Balloons flying away

For all the talk of people deserting London and moving to rural areas, house prices in the capital continued to impress throughout 2020. London’s property market saw an overall growth of 9.7 per cent, with specific property types performing particularly well to help the overall figures.

If London prices can see an uptick during a worldwide pandemic, what happens once life resumes some form of normality? According to Zoopla, the average London house price value is around £645k, with the average price paid just shy of £700,000. 

These prices are even more impressive when you consider inflation only rose by 0.8 per cent. However, with the current average London wage sitting at £37k, the question is: are house price increases sustainable in the long run? 

Uncertain markets

The economic outlook in London and the rest of the UK is a precarious one, even with a roadmap in place detailing our escape from Lockdown. The economy began the year on the backfoot with a nationwide lockdown, and we’re now in the country’s worst recession in 300 years.

The financial landscape isn’t set to return to pre-Covid levels until late 2022, and the 2021 growth rate is expected to float around the 4.3 per cent mark. The UK is behind every other major economy, with the exception of Argentina.

All this before we even get to Brexit, which is likely to set economic forecasts back in the short term as companies adapt to new rules and regulations. Therefore, it’s reasonable to expect more economic volatility as companies, and people’s wages feel the pinch. 

What does economic strain mean for the property market?

As London house prices rise, wages have only seen incremental gains. There is a huge disparity between what the average Londoner earns and the average house price in the capital, and that will continue to cause problems for those trying to get on the property ladder. 

Someone earning an average wage of £37k can expect to borrow a mortgage of around £150,000. While a two-person house income of £74k can possibly double that amount. That would mean a deposit of £344k to buy a house if you use London’s average price range of £644k. 

There are help-to-buy schemes and shared ownership options, which go some way to supplementing the massive difference. But the stark reality is that it’s never been so hard to buy a London property, especially with the Covid situation rearing its head in the background. 

Where are London property buyers coming from? 

As far as the London property scene goes, the only way is up. Despite economic strains, the housing market continues to perform well. Pent-up demand, the stamp duty holiday, low borrowing costs and overseas investors have all contributed to the mini-boom. 

And it’s savvy investors who are leading the capital’s resurgence in the property market. This is reflected by the growth of property prices in inner London (investment hotspots) compared to outer London. The borough of Kensington & Chelsea, for example, saw a vast 28 per cent increase last year.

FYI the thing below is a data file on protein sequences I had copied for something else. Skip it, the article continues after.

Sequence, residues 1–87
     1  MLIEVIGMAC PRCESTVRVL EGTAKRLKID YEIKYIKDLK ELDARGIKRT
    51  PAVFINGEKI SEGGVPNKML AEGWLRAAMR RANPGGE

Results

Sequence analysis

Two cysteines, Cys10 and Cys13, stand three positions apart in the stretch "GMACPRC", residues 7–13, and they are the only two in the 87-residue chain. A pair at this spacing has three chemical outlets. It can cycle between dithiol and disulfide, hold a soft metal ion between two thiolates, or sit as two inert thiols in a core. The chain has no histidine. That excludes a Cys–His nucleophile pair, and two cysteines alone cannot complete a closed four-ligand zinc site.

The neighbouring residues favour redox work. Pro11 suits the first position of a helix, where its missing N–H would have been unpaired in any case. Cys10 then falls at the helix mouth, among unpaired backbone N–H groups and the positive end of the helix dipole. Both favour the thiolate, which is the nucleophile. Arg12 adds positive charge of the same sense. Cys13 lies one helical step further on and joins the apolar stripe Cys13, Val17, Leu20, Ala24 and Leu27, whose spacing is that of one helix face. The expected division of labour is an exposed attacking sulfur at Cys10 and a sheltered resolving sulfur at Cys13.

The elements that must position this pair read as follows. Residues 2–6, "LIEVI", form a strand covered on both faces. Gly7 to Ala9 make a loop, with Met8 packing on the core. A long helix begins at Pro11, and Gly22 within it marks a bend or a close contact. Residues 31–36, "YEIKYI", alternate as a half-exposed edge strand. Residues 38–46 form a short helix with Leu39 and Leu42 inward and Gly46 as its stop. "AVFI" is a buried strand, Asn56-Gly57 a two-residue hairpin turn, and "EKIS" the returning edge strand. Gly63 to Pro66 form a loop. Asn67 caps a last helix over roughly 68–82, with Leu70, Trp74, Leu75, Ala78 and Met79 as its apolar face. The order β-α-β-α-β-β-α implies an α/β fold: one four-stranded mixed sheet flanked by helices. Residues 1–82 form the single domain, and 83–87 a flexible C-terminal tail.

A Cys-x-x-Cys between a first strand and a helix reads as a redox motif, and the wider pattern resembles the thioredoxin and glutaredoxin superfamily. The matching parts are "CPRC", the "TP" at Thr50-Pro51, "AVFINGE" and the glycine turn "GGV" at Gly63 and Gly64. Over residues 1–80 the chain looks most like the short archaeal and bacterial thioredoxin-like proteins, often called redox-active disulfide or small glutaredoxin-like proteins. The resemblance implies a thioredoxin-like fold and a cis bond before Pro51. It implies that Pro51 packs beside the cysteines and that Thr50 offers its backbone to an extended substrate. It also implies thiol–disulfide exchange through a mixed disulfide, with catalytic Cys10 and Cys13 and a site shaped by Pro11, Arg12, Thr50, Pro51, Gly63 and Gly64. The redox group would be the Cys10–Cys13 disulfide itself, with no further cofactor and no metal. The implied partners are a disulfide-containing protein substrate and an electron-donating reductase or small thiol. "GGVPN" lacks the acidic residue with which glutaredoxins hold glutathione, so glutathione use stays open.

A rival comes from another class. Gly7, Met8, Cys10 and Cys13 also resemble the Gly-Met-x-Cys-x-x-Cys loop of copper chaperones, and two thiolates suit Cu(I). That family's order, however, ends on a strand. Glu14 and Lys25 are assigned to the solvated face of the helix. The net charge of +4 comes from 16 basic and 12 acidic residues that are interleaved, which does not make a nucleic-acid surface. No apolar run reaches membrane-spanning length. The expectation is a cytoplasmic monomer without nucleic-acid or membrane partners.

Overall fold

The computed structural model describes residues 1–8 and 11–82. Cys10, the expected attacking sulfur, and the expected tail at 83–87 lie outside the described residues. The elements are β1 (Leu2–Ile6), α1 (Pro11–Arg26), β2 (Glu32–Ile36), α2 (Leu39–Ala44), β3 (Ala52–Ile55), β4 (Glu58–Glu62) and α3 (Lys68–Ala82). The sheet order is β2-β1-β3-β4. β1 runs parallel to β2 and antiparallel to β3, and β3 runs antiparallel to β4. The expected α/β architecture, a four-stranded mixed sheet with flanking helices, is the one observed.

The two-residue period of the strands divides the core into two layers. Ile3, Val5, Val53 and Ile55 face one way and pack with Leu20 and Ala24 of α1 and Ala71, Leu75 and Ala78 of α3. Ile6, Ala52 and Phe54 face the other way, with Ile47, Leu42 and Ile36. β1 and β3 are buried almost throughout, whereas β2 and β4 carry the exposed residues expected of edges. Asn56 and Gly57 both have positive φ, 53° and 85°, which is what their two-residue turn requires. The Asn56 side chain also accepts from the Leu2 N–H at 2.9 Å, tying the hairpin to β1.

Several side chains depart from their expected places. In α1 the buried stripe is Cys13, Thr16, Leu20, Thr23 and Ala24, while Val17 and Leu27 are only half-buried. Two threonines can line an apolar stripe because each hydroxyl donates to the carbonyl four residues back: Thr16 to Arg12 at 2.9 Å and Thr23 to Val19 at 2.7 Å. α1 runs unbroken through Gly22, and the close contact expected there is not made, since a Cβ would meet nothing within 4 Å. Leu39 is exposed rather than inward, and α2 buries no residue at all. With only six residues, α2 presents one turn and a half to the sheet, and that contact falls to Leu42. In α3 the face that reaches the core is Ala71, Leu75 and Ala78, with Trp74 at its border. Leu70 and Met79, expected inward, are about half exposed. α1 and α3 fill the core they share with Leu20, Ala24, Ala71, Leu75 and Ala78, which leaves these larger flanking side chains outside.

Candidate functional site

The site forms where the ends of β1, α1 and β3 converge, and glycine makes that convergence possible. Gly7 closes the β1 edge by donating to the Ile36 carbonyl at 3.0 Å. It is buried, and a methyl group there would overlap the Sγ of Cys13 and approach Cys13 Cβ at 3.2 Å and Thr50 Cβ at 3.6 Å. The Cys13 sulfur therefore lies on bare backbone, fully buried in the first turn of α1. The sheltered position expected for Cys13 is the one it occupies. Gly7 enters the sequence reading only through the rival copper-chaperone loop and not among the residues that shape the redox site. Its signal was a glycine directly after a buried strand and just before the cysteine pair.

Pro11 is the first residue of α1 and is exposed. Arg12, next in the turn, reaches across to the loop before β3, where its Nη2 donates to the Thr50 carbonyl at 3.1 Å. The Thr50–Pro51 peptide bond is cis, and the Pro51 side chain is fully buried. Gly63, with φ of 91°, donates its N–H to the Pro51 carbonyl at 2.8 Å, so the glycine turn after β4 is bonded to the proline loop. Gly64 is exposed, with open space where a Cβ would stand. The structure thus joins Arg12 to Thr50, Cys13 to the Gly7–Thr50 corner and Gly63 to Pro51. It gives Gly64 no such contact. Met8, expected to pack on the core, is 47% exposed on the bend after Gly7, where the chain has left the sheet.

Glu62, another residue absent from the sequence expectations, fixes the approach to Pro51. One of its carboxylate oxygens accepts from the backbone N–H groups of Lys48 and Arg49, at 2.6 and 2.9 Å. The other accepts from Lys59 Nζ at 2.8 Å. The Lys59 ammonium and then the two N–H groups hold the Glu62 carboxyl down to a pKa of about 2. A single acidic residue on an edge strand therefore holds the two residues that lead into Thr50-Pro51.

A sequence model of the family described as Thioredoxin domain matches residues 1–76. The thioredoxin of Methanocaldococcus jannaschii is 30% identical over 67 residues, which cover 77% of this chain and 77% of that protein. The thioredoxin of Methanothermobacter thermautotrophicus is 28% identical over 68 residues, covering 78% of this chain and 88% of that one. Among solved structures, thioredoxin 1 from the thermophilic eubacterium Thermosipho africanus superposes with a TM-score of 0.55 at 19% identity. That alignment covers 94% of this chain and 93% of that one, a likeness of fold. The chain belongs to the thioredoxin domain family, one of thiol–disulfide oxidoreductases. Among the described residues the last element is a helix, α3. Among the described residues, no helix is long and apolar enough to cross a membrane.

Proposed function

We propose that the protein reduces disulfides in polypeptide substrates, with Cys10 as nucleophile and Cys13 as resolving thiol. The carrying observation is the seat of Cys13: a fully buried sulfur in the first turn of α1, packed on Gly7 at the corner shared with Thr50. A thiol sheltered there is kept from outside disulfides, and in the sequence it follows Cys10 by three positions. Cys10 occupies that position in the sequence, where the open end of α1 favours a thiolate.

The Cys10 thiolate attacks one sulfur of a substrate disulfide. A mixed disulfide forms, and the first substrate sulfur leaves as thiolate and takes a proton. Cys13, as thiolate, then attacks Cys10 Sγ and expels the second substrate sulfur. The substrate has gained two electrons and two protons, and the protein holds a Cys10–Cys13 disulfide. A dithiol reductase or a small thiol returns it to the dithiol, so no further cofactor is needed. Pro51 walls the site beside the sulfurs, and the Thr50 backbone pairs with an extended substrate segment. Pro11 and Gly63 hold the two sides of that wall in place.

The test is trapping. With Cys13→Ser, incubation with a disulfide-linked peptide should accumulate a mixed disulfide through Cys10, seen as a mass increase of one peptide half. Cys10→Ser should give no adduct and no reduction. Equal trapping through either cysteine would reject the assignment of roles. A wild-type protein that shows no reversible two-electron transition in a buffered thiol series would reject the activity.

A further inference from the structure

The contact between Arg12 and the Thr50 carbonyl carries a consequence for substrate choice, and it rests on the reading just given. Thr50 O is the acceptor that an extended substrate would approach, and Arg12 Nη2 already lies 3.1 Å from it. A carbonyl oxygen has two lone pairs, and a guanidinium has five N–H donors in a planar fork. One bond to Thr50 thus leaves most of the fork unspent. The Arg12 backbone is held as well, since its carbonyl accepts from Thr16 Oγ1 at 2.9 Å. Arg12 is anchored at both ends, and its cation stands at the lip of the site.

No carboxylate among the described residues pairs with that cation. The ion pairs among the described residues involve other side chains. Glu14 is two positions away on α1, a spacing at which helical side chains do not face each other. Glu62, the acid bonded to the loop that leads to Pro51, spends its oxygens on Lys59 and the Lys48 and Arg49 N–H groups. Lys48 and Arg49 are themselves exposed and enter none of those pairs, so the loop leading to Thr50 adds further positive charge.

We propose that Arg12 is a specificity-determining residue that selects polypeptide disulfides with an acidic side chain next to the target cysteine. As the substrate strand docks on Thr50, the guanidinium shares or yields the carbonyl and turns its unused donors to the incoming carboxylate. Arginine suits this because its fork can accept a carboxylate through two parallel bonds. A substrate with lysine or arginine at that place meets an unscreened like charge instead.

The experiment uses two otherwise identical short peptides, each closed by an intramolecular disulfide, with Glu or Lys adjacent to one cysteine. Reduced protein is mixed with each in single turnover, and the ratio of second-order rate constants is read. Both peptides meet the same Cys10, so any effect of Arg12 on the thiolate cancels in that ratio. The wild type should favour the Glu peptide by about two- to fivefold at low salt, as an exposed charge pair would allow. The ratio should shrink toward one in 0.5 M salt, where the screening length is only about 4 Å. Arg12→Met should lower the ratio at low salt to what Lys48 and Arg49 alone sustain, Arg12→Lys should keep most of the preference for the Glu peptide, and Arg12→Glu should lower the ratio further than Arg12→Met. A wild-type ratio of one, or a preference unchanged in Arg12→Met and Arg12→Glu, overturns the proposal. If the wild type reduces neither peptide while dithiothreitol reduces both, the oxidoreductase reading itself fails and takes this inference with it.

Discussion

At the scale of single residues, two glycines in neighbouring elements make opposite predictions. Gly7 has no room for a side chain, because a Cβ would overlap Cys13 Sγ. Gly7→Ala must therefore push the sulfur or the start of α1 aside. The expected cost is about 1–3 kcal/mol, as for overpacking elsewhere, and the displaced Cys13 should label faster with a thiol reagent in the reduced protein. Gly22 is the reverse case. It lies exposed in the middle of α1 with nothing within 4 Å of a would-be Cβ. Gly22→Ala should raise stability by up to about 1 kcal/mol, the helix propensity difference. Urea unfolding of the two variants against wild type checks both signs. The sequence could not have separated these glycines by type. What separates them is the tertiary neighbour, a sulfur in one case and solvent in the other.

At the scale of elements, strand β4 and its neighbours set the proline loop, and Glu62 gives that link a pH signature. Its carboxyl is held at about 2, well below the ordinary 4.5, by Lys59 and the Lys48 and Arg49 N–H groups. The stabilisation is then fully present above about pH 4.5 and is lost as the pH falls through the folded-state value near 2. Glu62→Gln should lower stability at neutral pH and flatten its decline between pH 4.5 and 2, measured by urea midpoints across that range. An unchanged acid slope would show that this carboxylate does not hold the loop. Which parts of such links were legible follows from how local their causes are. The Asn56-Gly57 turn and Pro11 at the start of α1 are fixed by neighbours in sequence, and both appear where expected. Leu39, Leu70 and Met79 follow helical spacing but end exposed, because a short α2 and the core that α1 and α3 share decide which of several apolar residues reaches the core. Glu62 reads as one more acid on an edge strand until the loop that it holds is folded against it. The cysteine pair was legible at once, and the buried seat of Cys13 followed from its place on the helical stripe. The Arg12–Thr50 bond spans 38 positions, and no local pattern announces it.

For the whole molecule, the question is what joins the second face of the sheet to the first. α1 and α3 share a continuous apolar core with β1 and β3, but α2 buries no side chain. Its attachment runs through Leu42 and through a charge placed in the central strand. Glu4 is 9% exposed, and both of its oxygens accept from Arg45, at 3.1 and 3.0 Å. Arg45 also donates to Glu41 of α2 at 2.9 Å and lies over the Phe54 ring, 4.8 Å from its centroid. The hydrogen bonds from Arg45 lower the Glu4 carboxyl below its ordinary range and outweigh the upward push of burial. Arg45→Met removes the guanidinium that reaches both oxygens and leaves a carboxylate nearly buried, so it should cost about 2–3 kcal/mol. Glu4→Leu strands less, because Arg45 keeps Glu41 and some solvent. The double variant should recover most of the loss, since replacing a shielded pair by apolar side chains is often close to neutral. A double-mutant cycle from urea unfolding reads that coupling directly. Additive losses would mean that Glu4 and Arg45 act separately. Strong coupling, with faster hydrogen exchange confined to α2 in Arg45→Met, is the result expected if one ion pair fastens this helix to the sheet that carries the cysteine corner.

The overseas market has also had a ripple effect on the capital, especially from buyers in Hong Kong, who have looked to London homes in the aftermath of China’s clampdown on the city state. London’s high proportion of properties bought for investment from cash buyers and overseas has certainly played its role in boosting the market in the capital.

The impact on non-investors

Rising house values pricing out domestic buyers who want to get on the property ladder isn’t a new trend in London. However, the current climate (as a result of Covid) has turbocharged the disparity, which leaves most people looking towards the rental market.  

Renting is on the rise across the whole of the UK, and it’s expected to make up 60 per cent of the London housing market by 2025. Some people opt to rent as a lifestyle choice, appreciating they can live in a rented home that they wouldn’t necessarily be able to buy. However, others rent because they know that getting on the housing market is a fading dream. 

And while it may be a vicious circle, it offers savvy investors an opportunity to provide excellent-quality housing to those looking to rent. 

Renting in London

Annual rents in London saw the lowest growth rate in the whole of the UK during January 2021, with an increase of just 0.8 per cent. On the face of it, those numbers might not appeal to investors and developers. But with overall sale prices increasing so much, there is a positive outlook for all involved. 

Rental figures are steady yet affordable with solid yields, while investors continue seeing their asset appreciate in capital growth. Inflation is predicted to grow by two per cent in 2022, as demand for rental homes continues to pick up the pace.

Property owners in the rental market are seeing long-term gains and short-term returns. With such a high demand for rental accommodation, the sustainability outlook is positive for investors. And even with the wobbles of Covid and Brexit, the overall picture is a positive one. 

Capital living

London’s property has not only kept its value but seen an increase. It should be the boost that investors needed after an uncertain 2020. With the UK aiming to get back to normality by mid-2021, there’s every reason to believe the second half of the year and beyond will see the London property scene grow from strength to strength, both in the rental and sales market.